WAYNESBORO, Va. (WHSV) — At 15 years old, Brianna Haynes went to the hospital to have her gallbladder removed, which ultimately led her to find out that she had chronic myeloid leukemia.
“At first, I was in denial. I was healthy my whole life. Out of nowhere, I get leukemia,” Haynes said. “It made me sad, but then I was like, I got this for a reason. God did this for a reason, so I made the best out of it.”
Despite the long hours at the hospital and the struggles that come along with the disease, Haynes graduated early from Waynesboro High School and continued working with a positive mindset through it all. She even went on to get her CNA license because she knew she wanted to help others.
“While being in the hospital, my nurses were a huge factor on me. I would sit there and cry just because of how much of a difference they made in my life,” Haynes said. “I want to be able to pass that on to other people, that joy.”
Now at 20 years old, Haynes has a dream of becoming a radiation oncologist.
“I’ve been in their shoes. I know what it feels like to be alone, spending nights alone in a hospital at a young age. It was very hard for me. So, I just want to be able to be there for people and show them that somebody is on their side,” Haynes said.
But Haynes, being one of five children with no financial aid, is asking for help in achieving that dream. She’s hoping to raise money to continue her education at Piedmont Virginia Community College in the spring semester.
“I want to make a better life for me and my family,” Haynes said. “My parents didn’t go to college or anything. No one in my family has really went, so I want to be the first one to make a big difference.”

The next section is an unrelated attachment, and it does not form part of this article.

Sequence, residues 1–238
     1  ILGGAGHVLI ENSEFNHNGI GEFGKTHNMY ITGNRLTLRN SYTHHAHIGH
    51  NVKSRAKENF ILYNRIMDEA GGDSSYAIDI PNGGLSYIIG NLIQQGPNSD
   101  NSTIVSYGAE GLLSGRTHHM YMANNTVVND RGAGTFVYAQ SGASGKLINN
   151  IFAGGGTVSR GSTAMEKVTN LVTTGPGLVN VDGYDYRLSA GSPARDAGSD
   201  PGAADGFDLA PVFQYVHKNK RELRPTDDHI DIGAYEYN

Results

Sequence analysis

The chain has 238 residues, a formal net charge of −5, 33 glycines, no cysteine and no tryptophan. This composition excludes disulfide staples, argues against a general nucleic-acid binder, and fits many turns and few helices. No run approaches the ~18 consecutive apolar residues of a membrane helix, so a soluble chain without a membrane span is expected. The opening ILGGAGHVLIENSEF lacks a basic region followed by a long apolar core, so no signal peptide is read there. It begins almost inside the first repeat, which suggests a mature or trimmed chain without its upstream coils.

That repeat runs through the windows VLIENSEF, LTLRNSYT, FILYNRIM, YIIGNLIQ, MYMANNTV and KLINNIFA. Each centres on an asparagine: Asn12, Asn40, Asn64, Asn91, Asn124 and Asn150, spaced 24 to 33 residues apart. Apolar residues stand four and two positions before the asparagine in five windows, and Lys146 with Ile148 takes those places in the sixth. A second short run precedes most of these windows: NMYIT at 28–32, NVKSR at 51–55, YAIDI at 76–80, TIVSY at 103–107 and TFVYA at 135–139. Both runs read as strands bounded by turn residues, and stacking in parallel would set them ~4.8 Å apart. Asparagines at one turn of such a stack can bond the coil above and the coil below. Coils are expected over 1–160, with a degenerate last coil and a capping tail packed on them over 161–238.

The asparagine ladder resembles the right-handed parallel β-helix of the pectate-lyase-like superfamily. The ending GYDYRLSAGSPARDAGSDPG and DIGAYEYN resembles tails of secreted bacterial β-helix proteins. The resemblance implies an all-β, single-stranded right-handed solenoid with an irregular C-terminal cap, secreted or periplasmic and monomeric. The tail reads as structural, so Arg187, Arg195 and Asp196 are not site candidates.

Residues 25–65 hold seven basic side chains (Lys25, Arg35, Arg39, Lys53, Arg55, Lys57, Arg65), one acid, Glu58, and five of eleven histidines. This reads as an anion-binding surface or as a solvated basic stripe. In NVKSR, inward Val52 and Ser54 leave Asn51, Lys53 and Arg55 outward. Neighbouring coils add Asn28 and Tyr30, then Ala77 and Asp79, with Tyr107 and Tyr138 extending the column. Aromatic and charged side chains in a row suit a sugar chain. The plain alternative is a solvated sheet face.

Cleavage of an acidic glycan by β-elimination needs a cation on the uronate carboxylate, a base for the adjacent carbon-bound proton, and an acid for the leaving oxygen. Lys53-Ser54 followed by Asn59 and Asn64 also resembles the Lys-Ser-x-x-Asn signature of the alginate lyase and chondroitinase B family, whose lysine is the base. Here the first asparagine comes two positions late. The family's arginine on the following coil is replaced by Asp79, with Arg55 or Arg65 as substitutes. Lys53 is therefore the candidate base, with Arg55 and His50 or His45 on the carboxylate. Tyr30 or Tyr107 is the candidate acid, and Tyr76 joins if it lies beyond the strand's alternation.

Now, after hearing Haynes’ story, Piedmont Virginia Community College has reached out and offered her assistance in enrolling for the spring semester.
“We’re just incredibly proud to know about the determination and resilience that Brianna has, and we want to congratulate her on what she’s been able to accomplish so far, but then also to say just how much we look forward to seeing what she’s going to be able to accomplish with her PVCC education,” Harry Stillerman, Vice President of Institutional Advancement and Development at PVCC, said.
Stillerman said PVCC was able to get in contact with Haynes this week and work out a way for her to start classes again in the spring.
“They were able to provide a combination of financial aid and scholarships to support her. She’s now registered for a full course load in the spring, and I think the financial aid should be able to cover the needs that she has for the upcoming semester,” Stillerman said.
PVCC wants the community to know there are scholarships and financial assistance available, along with other support programs to ensure students are able to succeed at the college.
“Now, more than ever, we recognize that a lot of folks are struggling to cover the cost of their education, so we think it’s really important to make sure that everyone can come to PVCC and pursue what their dreams are and what their career and educational goals are,” Stillerman said.
Haynes said she’s very grateful to everyone who has supported her along her journey so far, including the MaDee Project, which reached out to her after she was diagnosed. The organization connected Haynes with Samuel’s Supper, a nonprofit that helps kids in medical crises, after hearing about her struggles financially in continuing her college education.
“They have made such a big difference in my life,” Haynes said.
If you’d like to help Haynes in her journey to help others, you can do so here.
Haynes is currently taking daily medication to suppress her white blood cell count and has check-ups at the hospital every three months. She said she doing everything she can to stay healthy and positive.
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